Despite Our Nearsighted Prayers

After years of searching and trying out different religions and beliefs, Augustine finally came to saving faith in Christ. He told his mother of his conversion and she rejoiced over this good news. Not long later, she came down with a fever and died. Monica died having seen the fruit of all her prayers for her son. But she didn’t see what God would do next with Augustine. She didn’t see him become the bishop of Hippo and hear the sermons he preached week in and week out for the rest of his life. She didn’t read all the tracts, treatises, and books he wrote. And of course, she did not know the lasting impact his work would have on the church, for his writings played an important role in the Reformation and continue to instruct and encourage believers today.

This testimony of one mother’s persistent prayers for her son reminds me that God does far more than I can imagine with my prayers. Monica’s prayer was for her son’s salvation; God answered that prayer but did far more than that in the life and legacy of Augustine. As a praying mom, this encourages me all the more to pray for my children’s hearts. It encourages me to persist in prayer. It encourages me to wait and watch and hope.

What an amazing thing to consider! God commands us to pray and uses those faithful prayers to carry out his will. He doesn’t need to, but he chooses to. However, our imaginations are limited. Our prayers are myopic. They aren’t creative. We put limitations on what we think God can do. I can’t help but think of the early church praying for Peter in prison (Acts 9). They prayed God would release him, but when Peter came knocking on the door where the church was gathered, still fervent in prayer, they did not believe it was him. Some thought it was his ghost, thinking he had died in prison. Yet, God answered their prayers and brought Peter safely to them. What a testimony of God’s grace through nearsighted prayer! Despite our nearsightedness, God uses our prayers in ways we cannot fathom.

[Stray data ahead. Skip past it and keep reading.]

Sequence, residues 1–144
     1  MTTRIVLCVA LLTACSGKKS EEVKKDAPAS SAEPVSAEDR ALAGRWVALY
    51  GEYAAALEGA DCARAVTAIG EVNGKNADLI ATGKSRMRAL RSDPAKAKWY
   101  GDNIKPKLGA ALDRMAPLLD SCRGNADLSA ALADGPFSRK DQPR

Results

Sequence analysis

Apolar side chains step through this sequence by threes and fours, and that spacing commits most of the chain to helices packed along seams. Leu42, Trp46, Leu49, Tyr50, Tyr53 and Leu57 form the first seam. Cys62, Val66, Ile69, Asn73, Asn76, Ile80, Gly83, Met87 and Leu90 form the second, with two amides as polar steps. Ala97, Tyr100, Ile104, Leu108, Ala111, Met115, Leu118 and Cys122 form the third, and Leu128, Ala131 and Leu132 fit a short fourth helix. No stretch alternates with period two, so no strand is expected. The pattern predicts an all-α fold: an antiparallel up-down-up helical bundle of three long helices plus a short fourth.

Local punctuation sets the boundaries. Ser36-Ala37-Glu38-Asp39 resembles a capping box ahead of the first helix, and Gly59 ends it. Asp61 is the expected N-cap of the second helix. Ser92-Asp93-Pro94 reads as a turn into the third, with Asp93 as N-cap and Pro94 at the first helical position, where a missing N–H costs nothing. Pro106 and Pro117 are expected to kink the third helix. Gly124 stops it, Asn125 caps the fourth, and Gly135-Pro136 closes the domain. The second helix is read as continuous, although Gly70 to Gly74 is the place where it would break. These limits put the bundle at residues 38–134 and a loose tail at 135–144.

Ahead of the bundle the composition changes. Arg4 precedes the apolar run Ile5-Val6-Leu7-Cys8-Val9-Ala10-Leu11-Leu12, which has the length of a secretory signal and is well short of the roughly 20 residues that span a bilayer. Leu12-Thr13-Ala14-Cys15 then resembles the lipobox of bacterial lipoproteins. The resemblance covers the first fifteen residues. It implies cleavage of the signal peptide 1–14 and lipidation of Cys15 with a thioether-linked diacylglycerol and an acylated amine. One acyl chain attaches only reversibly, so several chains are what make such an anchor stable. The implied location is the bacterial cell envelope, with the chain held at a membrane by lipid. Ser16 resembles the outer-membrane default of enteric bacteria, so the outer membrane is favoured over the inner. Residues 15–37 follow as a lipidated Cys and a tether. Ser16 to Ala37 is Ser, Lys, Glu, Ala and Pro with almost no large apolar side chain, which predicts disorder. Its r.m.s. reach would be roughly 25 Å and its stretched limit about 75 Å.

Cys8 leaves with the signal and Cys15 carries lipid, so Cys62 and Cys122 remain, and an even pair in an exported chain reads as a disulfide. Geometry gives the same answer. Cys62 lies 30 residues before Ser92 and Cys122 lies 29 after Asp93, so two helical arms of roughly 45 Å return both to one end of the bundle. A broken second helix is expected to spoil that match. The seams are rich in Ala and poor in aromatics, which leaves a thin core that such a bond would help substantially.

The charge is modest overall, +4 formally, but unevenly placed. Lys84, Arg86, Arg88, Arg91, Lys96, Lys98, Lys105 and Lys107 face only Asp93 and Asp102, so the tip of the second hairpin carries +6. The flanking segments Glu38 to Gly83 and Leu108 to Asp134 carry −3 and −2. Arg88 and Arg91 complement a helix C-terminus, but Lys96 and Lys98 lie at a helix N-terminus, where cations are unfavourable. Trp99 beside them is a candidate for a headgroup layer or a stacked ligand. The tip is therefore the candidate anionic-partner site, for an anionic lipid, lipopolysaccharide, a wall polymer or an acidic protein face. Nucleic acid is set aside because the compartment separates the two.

Dear praying moms: Keep praying for the hearts of your children. Persist in prayer. Be creative in prayer. Know God can do far beyond what you can imagine. And while you may not see all the ways God uses your prayers in this life, trust and know you will see the ripple effects of those prayers in eternity.

Father in heaven, we bring our children before you. Thank you for the gift of motherhood and the important task you’ve given us to raise these eternal souls to know you. Ratify the covenant in their hearts and lives. Bring them to faith in Christ. Work in and through them for your glory. Forgive us for our nearsighted prayers and help us to pray big, bold, creative prayers. Help us to believe and trust that you can do far more than we can imagine. In Jesus’ name, amen.

About the Author:

Christina Fox

Christina received her undergraduate degree from Covenant College and her Master’s Degree in Counseling from Palm Beach Atlantic University.  She is the content editor for enCourage and the author of A Heart Set Free: A Journey to Hope Through the Psalms of Lament Closer Than a Sister: How Union with Christ Helps Friendships to Flourish, Idols of a Mother’s Heart,  Sufficient Hope: Gospel Meditations and Prayers for Moms and A Holy Fear: Trading Lesser Fears for the Fear of the Lord. Christina serves on the national women’s ministry team as Regional Adviser of the Southeast. She prefers her coffee black and from a French press, enjoys antiquing, hiking, traveling, and reading. She lives in Atlanta with her husband and two boys. You can find her at, @christinarfox and on Facebook.